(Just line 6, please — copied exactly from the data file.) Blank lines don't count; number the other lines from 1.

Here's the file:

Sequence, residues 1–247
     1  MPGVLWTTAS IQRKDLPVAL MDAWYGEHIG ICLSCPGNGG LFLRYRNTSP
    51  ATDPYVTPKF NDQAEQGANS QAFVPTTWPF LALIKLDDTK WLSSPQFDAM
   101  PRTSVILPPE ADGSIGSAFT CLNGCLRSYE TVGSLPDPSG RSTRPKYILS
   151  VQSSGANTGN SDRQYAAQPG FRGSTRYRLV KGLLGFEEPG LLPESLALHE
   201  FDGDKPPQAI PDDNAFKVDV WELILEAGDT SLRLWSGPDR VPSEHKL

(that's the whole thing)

   201  FDGDKPPQAI PDDNAFKVDV WELILEAGDT SLRLWSGPDR VPSEHKL